Assimilation is not necessary

ByJoanne Lockwood

Assimilation is not necessary

Hung, who is a “triple immigrant”, believes that there is no truth, only consensus, and the manner in which we collectively cope with this revelation will define how gentle or cruel our future humanity is going to be.

Hung as a “triple migrant” believes when you are from an ethnic background that is not native to a country you end up living in, although you learn to follow the social rules and obey cultural values, you may never fully feel part of that group, without caveat. He remembers from his childhood trying to work out how he could belong better so that he didn’t stand out, even trying to wash his face for longer to make it appear whiter, after taunts that he looked dirty. This need to fit in can go in the wrong direction, with built up bitterness at not feeling including leading to either the person trying to over correct, becoming hyper assimilated, or going the other way and rejecting the culture that rejected you, and risking becoming permanently marginalised. Hung wants everyone to understand that it is OK to not feel like you belong.

 
Published Published: 16.12.2021 Recorded Recorded: 24.11.2021 Episode Length Duration: 1:00:57 Downloads Downloads: 50
 

Hung believes that inclusion is a bit of an oxymoron, as we recognise explicitly that there are things we do not include. This highlights a real problem with the terminology we use as it is trying to tell us we are universally inclusive or diverse, which is not the case. This automatically creates a barrier and a division of who is in and who is out. We can’t say privilege does not exist, especially when it is so apparent in prominent places, but Hung wants us to question what the best techniques are to generate the best outcomes for the most people. Lots of younger people want to overhaul the whole political system, but Hung feels revolutions don’t often end well, and believes in incremental change, trying to modify the system from ground up, and creating a parallel system if it is too resistant to change, rather than destroying all we have.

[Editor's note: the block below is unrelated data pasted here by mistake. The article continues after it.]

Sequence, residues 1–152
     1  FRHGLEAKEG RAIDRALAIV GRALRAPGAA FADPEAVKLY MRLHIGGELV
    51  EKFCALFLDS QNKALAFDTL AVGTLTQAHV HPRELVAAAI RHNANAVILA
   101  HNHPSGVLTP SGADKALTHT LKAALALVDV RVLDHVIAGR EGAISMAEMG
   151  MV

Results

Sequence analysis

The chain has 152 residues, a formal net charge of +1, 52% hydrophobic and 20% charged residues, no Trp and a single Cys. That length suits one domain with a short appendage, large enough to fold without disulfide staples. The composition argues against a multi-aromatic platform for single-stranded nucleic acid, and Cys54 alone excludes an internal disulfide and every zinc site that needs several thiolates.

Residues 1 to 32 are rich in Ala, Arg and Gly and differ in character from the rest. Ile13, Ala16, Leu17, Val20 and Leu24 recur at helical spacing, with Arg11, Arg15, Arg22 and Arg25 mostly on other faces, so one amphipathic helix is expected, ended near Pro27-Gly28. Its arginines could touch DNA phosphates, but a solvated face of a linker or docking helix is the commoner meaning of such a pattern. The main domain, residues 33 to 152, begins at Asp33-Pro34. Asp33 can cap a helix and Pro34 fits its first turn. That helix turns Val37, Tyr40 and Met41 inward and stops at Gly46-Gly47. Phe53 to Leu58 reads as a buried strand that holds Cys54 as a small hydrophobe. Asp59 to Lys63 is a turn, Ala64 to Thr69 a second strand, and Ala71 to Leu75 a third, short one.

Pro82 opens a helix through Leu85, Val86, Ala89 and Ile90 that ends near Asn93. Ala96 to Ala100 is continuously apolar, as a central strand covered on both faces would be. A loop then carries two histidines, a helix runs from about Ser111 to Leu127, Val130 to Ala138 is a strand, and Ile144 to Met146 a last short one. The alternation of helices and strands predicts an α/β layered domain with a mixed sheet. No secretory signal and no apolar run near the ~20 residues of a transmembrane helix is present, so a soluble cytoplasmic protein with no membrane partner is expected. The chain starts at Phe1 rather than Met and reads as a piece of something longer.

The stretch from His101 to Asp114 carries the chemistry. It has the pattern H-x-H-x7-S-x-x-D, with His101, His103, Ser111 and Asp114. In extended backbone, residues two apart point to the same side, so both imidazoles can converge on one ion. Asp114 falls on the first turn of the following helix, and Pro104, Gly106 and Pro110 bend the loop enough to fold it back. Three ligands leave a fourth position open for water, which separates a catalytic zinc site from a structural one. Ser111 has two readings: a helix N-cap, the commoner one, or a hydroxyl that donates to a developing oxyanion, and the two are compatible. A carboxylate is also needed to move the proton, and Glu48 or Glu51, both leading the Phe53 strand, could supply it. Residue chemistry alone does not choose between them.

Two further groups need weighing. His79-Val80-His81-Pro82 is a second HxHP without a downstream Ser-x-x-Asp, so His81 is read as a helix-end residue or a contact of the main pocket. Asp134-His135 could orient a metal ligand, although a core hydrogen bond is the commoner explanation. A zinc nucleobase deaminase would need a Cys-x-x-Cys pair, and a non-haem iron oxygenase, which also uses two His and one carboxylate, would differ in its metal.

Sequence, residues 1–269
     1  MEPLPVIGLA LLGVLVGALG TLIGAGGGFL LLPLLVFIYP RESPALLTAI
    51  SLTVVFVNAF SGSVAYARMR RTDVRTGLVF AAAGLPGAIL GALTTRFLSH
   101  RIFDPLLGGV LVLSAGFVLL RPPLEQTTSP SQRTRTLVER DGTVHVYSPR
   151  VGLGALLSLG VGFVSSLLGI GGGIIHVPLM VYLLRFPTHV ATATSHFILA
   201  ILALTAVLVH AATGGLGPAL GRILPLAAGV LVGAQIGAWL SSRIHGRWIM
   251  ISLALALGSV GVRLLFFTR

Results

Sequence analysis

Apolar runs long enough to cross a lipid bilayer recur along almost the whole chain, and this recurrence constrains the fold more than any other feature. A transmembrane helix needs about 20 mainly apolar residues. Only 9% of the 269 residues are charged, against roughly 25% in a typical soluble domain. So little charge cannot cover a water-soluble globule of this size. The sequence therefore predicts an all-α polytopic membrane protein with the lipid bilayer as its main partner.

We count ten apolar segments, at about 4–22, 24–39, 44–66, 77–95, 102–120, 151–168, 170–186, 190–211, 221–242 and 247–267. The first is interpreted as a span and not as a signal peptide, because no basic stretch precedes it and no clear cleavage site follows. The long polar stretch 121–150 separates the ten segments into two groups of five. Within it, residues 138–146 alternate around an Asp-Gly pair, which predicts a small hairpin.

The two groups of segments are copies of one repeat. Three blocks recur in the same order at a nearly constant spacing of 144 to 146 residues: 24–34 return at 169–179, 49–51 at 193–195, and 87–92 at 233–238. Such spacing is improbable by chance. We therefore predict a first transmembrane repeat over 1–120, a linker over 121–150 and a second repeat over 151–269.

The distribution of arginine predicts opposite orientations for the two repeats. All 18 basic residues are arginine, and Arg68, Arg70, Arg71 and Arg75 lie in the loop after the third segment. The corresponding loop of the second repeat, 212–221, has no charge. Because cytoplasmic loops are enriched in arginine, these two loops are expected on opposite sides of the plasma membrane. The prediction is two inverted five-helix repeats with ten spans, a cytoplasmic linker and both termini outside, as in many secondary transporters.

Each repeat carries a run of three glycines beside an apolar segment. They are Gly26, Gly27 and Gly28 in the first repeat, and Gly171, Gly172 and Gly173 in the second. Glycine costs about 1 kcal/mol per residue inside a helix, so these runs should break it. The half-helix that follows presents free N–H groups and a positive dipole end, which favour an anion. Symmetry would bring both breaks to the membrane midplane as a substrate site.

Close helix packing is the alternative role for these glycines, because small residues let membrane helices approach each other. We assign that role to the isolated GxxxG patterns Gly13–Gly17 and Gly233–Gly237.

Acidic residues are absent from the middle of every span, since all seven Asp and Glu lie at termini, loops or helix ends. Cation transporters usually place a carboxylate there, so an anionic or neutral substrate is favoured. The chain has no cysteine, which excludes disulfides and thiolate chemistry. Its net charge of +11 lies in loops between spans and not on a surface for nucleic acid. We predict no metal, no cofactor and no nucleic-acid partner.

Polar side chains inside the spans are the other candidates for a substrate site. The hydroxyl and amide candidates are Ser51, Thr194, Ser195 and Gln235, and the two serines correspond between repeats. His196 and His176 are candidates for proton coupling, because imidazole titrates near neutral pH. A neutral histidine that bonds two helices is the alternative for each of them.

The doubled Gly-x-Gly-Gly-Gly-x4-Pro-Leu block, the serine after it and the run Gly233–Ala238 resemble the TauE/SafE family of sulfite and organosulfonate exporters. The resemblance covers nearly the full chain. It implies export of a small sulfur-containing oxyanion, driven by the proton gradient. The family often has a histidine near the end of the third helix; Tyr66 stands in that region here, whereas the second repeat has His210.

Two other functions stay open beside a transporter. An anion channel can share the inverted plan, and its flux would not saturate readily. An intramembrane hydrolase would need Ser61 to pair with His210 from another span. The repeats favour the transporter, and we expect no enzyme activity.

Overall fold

There are some people who want a revolution, believing change isn’t happening quickly enough and others who don’t want change, and want to defend their privilege. Similar to the outcome from Brexit, which was hugely divisive, these polarised opinions often mean the people in the middle get tugged into extreme positions by the loudest voices, as those on the edge often feel more passionately about it, so tend to have a louder voice than their numbers may suggest. On spectrum the extreme edge become amplified, narrative shapers and risk becoming part of an echo chamber.

Hung believes that ideas should be viewed and treated as tools to interpret the world, but that are disposable as you learn and develop, perhaps discovering different ways that may work better. Instead he sees people committing themselves early on to an idea and then shutting off the brain waves on it, not wanting or having the time to re-examine the world.


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